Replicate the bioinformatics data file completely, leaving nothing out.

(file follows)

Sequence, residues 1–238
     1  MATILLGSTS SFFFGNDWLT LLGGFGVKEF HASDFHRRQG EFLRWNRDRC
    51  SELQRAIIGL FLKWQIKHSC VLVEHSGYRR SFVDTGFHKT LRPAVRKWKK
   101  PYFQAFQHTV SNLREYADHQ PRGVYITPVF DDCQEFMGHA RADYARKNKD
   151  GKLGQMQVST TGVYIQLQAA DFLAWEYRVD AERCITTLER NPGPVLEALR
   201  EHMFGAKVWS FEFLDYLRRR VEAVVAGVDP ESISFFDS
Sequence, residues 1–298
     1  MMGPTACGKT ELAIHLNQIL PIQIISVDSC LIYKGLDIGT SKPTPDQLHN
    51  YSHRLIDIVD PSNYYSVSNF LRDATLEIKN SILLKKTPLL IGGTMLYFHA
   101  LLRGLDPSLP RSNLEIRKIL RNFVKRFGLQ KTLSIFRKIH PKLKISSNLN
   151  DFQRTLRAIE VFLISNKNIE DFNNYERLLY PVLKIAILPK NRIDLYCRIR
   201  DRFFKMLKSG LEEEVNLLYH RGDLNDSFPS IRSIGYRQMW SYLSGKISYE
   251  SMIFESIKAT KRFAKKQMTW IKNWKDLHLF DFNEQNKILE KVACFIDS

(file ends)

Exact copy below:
Sequence, residues 1–238
     1  MATILLGSTS SFFFGNDWLT LLGGFGVKEF HASDFHRRQG EFLRWNRDRC
    51  SELQRAIIGL FLKWQIKHSC VLVEHSGYRR SFVDTGFHKT LRPAVRKWKK
   101  PYFQAFQHTV SNLREYADHQ PRGVYITPVF DDCQEFMGHA RADYARKNKD
   151  GKLGQMQVST TGVYIQLQAA DFLAWEYRVD AERCITTLER NPGPVLEALR
   201  EHMFGAKVWS FEFLDYLRRR VEAVVAGVDP ESISFFDS
Sequence, residues 1–298
     1  MMGPTACGKT ELAIHLNQIL PIQIISVDSC LIYKGLDIGT SKPTPDQLHN
    51  YSHRLIDIVD PSNYYSVSNF LRDATLEIKN SILLKKTPLL IGGTMLYFHA
   101  LLRGLDPSLP RSNLEIRKIL RNFVKRFGLQ KTLSIFRKIH PKLKISSNLN
   151  DFQRTLRAIE VFLISNKNIE DFNNYERLLY PVLKIAILPK NRIDLYCRIR
   201  DRFFKMLKSG LEEEVNLLYH RGDLNDSFPS IRSIGYRQMW SYLSGKISYE
   251  SMIFESIKAT KRFAKKQMTW IKNWKDLHLF DFNEQNKILE KVACFIDS